The National Labor Relations Board (“NLRB” or the “Board”) recently issued a decision adopting the position, advocated by Venable on behalf of a client, that employer lawsuits against unions do not constitute unfair labor practices simply because the employer ultimately loses in court provided there was a reasonable basis for the suit. See BE&K Construction Company, 351 NLRB No. 29 (2007) (“BE&K”).
This is an important ruling protecting employers’ First Amendment right to seek protection from union abuses in the courts, and is consistent with an earlier decision issued in a related proceeding in which the Supreme Court, also at the petitioning of Venable and its client, struck down the NLRB’s previous “sham litigation standard” on constitutional grounds. See BE&K Constr. Co. v. NLRB, 536 U.S. 516 (2002).
Under the NLRB’s previous sham litigation standard, the Board could declare that a reasonably based, but ultimately unsuccessful, lawsuit violated the National Labor Relations Act if the suit was based on a motive to interfere with employees’ right to organize under NLRA § 7.
Relying on that standard, the Board originally determined that BE&K Construction Company (“BE&K” or the “Company”) committed an unfair labor practice by filing and maintaining a lawsuit against two unions. On appeal to the Supreme Court, however, the Court rejected the Board’s analysis and reversed.
The Court held that, among other infirmities, the Board’s expansive definition of a retaliatory suit covered a substantial amount of genuine petitioning that is protected by the Bill of Rights. For example, an employer’s suit to stop what the employer reasonably believes is illegal union conduct may interfere with or deter some employees’ exercise of NLRA rights. However, if the employer’s motive reflects a subjectively genuine desire to test the conduct’s legality, then declaring the suit to be an unfair labor practice would unconstitutionally burden the right to engage in genuine petitioning.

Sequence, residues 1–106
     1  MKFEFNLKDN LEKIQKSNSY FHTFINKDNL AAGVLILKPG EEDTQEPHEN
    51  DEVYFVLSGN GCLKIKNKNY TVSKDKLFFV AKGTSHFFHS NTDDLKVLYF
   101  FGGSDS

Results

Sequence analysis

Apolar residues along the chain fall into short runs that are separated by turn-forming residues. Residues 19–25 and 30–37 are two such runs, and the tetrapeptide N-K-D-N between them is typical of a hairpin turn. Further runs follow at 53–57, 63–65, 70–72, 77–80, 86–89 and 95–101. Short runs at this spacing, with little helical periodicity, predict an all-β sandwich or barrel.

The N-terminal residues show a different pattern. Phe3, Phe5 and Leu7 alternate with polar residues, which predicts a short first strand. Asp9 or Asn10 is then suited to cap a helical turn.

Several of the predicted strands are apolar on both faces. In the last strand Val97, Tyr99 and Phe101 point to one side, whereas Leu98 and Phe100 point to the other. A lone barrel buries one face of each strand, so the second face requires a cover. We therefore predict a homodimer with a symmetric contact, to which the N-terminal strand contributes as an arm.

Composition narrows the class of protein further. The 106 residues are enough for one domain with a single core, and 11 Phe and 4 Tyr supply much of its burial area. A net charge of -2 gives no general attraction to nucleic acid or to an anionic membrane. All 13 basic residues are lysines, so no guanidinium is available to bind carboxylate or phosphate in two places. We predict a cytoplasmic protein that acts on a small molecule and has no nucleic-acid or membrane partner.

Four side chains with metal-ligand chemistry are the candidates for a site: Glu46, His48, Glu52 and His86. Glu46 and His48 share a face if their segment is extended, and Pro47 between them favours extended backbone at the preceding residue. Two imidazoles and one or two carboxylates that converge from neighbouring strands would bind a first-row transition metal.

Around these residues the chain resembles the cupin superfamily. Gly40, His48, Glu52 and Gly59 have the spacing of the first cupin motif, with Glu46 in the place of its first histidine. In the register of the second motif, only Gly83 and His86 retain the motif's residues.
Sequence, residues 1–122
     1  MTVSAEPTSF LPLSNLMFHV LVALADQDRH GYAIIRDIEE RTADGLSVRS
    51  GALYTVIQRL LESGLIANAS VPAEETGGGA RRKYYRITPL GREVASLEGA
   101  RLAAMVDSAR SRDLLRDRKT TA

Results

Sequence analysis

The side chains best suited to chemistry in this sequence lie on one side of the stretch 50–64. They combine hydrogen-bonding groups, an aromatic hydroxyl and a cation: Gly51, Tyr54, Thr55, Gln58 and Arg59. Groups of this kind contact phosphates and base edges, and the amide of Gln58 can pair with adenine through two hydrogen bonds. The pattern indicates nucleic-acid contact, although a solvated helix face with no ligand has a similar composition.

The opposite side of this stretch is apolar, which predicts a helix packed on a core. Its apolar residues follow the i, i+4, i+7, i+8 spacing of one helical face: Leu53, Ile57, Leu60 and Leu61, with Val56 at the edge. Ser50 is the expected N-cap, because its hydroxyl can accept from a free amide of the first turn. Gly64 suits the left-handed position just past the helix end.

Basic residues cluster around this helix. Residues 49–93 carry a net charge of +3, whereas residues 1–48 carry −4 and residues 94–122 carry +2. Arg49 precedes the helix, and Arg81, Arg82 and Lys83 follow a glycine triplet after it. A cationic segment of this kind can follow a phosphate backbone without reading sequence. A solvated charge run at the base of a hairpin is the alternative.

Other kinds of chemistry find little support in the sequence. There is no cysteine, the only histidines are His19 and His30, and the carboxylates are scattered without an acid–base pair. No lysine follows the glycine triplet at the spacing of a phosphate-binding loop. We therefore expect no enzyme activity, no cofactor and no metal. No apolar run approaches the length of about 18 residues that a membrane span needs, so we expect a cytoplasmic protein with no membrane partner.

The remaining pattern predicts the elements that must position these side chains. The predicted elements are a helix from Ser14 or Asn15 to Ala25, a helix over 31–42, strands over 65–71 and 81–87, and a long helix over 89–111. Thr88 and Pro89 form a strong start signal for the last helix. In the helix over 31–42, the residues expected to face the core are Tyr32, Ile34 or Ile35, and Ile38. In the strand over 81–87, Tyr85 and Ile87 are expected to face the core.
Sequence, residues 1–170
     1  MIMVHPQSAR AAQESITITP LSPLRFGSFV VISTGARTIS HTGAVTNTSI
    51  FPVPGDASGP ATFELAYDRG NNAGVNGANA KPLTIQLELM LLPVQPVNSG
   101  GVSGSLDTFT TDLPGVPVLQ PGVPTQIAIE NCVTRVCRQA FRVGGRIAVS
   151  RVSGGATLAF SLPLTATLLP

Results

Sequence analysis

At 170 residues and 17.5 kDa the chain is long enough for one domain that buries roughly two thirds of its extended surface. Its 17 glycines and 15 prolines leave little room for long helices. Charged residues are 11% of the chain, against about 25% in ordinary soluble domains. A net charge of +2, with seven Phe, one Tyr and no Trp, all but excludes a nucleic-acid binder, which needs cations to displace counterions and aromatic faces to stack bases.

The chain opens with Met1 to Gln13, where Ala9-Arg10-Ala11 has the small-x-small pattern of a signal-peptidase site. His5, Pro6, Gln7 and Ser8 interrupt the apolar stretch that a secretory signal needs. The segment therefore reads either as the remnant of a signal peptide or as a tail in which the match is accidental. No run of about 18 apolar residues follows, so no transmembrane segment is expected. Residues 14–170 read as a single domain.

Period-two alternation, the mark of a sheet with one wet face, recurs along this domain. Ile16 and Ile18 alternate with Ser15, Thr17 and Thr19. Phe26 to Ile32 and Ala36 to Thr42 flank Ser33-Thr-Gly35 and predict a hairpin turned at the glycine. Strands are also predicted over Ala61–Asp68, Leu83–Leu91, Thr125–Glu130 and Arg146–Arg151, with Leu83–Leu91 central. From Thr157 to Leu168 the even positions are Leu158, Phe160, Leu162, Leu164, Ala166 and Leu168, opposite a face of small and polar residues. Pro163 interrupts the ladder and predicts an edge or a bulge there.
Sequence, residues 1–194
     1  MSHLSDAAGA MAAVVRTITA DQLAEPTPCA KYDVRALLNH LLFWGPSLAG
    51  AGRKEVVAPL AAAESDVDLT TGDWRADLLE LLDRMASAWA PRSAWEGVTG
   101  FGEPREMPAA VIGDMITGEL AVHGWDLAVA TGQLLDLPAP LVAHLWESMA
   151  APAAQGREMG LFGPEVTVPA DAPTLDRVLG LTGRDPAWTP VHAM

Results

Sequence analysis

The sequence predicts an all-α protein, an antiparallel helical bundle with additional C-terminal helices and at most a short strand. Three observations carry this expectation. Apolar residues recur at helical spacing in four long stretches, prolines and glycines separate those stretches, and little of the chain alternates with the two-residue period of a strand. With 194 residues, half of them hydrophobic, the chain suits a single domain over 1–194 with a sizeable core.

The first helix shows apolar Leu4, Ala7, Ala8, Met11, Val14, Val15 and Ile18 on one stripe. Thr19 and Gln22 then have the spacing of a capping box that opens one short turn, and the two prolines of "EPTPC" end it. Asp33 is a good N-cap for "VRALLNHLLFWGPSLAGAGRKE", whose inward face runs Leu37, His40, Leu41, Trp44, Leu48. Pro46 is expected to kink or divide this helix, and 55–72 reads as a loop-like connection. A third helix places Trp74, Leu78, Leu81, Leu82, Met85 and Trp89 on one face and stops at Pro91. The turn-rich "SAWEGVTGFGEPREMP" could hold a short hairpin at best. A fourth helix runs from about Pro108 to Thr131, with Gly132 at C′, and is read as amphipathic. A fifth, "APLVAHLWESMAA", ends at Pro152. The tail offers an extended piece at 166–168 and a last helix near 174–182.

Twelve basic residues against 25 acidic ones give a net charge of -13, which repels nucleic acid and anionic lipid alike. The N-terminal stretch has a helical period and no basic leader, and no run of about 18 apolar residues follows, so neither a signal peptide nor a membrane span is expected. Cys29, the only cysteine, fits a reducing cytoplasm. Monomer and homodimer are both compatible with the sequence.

The NLRB’s New Standard
On remand, the Court instructed the Board to devise a new standard for determining whether unsuccessful suits brought by employers against unions can ever be unfair labor practices (“ULPs”) when the suits are reasonably based. The Board, by a 3-2 vote, adopted Venable’s position and affirmed that the First Amendment protects all such litigation against second guessing via the unfair labor practice process.
Under the new standard, “a lawsuit lacks a reasonable basis, or is objectively baseless, if no reasonable litigant could realistically expect success on the merits.” Otherwise, a lawsuit “cannot be found to be an unfair labor practice.”
Applying this standard to the instant case, the Board found that BE&K’s lawsuit against the unions was reasonably based, and thus did not constitute an unfair labor practice. As a result, the unions’ unfair labor charge was dismissed.